The Great Big Summer Washout Bike Blog Roundup

As the wettest June ever shades into what's shaping up to be the wettest July, Downfader tries to convince us all that rain doesn't matter to cyclists - although it hasn't done these cycle paths much good. Still, let us look on the bright side, joining the Alternative Department for Transport's paean of praise for Camden's embrace of the 'except cycles' sign, the joys of lone cycling - or perhaps the guerilla knitter of Cambridge as she cheers up the city's cycle racks. After all, as the Cycling Silk reminds us, it's not really the weather that makes commuting by bike unpleasant. And failing that, we'll always have Sky Rides - and even Real Cycling sets his cynicism aside and finds himself enjoying Bradford's.

In a world turned upside down, Joe Dunckley discovers a novel way of increasing the numbers of cyclists in London: redefine 'cyclist'. The LCC discovers what our roads might look like if the cycling shoe were on the other foot while Carlton Reid finds a road where cars are usually banned but allowed in once a year - a kind of Sky Ride for cars, only less fun. Also swapping places were some taxi drivers taking to two wheels, while Newcastle bus drivers get a chance to find out more about what cyclists need. Bringing a little historical perspective, Bicycle Dutch digs out the Dutch angle on the UK's first cycle path - nothing new there, As Easy as Riding a Bike discovers. Still, at least the French are making a real commitment to road safety.

More seriously, let's follow the money. DC Streetsblog discovers that traffic studies systematically overstate the benefits of building roads - while the Royal Parks doesn't even have the budget to sort out a few signs. Perhaps they could get them sponsored by Barclays? Doubling our money, that £15 million announced last week is to be match funded by local authorities - hopefully they will realise that cyclists are customers too and it's worth the investment. Lancaster Dynamo isn't isn't very hopeful (but keeps on plugging away). And when they do spend it? Only a about a third actually goes on building stuff - or even painting it blue.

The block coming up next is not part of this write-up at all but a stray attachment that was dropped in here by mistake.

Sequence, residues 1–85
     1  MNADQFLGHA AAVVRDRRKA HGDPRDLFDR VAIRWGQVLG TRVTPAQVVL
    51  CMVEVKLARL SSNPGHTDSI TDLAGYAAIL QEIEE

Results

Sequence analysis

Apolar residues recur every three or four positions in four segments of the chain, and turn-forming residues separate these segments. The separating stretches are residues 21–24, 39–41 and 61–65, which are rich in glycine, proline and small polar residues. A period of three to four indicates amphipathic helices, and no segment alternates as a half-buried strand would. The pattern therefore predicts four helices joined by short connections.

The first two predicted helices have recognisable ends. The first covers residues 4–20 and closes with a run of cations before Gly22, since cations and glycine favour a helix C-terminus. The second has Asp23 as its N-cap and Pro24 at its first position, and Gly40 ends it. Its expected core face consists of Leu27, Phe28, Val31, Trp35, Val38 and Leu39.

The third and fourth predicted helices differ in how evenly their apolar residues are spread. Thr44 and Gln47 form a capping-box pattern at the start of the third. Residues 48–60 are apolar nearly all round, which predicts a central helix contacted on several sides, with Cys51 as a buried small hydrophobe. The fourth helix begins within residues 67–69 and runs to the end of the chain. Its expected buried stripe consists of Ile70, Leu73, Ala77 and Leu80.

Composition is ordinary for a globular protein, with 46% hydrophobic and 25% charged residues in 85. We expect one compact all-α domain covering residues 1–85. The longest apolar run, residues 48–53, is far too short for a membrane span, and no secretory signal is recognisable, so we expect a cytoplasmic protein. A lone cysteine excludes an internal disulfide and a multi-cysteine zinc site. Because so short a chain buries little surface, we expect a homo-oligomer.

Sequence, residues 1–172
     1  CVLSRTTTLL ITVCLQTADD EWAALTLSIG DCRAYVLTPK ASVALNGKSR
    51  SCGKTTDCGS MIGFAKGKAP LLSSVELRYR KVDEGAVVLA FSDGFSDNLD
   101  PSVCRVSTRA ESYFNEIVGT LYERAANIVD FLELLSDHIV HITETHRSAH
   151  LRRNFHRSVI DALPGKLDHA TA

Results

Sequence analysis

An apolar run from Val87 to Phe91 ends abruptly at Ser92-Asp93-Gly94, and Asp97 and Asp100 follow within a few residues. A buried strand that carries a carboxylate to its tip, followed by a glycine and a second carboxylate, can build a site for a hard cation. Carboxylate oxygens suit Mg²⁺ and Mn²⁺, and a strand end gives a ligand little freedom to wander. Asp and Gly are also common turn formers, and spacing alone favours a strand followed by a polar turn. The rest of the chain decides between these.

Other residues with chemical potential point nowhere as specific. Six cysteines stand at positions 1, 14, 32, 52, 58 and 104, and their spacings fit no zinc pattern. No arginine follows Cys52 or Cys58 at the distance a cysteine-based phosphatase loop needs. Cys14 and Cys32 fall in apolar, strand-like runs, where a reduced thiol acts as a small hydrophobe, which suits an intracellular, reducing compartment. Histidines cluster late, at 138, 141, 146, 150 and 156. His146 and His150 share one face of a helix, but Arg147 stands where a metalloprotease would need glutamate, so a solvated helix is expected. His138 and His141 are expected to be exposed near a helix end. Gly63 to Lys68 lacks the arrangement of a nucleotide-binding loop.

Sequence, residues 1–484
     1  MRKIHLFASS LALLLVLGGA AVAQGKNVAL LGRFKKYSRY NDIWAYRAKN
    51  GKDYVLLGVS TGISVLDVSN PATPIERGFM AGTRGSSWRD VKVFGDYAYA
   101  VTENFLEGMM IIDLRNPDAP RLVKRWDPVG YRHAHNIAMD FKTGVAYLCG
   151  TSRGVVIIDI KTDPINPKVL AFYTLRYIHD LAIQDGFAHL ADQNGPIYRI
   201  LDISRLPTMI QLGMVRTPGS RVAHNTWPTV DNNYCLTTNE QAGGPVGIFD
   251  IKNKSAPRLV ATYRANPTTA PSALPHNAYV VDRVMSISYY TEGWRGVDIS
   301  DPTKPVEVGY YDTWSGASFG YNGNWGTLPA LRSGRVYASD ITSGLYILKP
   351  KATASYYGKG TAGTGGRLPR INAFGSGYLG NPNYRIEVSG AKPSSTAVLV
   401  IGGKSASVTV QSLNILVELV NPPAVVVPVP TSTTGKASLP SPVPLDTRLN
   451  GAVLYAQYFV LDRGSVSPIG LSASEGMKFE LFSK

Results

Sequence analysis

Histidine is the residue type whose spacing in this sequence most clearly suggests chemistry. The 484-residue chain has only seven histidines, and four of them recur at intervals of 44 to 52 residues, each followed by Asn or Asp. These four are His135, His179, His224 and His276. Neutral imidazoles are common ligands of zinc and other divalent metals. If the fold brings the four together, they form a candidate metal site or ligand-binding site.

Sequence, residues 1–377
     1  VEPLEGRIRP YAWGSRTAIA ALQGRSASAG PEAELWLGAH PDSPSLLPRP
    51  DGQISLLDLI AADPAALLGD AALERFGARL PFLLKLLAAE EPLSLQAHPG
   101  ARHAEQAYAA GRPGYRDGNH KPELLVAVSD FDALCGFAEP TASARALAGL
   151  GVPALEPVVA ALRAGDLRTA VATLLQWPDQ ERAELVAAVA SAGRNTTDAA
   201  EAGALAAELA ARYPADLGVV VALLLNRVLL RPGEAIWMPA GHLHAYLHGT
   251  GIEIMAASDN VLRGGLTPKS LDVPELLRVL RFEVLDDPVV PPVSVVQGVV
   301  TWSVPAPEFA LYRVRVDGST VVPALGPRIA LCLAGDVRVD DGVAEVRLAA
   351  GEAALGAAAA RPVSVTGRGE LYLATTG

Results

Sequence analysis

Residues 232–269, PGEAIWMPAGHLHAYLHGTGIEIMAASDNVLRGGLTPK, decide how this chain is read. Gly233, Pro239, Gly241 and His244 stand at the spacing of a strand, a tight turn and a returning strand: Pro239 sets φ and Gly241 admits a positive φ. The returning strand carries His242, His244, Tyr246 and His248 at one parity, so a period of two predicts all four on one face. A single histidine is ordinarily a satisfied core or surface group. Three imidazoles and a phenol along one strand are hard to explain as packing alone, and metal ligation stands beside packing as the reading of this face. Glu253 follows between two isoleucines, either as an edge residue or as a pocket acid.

One place which looks as if it might usefully have spent a bit more on consultancy is Edinburgh where the trambles continues. Dave McCraw looks at how well bikes a trams can mix, while Kaputniq followed the whole tram line and documented it in a flickr set that, with the descriptions, is a blog in itself - none of which will do much to promote active travel in Scotland as Sustrans demands.

IF that's got your blood up, perhaps what you need is a spot of war? The People's Cycling Front of South Gloucestershire thinks so - while Canada's bike vigilante takes the law into his own hands and Karl McCracken discovers a new extreme sport. Cycling round the world, Skalattitude encounters some really scary road hazards that might put your last 'punishment pass' by a Ford Fiesta into perspective.

But are we in danger, perhaps, of descending into wars between ourselves? Cycling Info takes a balanced look at the pros and cons of vehicular cycling while Kats Dekker reckons cyclists just need a bit more confidence to ask for more than space on the road. David Hembrow continues to unpick the myths by looking at what segregation really means - and how it does not preclude some speedy cycling

If you're still suffering from conference withdrawal after all the excitement of Velo-City last week, fear not for the reports are still trickling in. Dublin's put all the presentations from its conference online while Bath joined in the fun with its cycling health summit.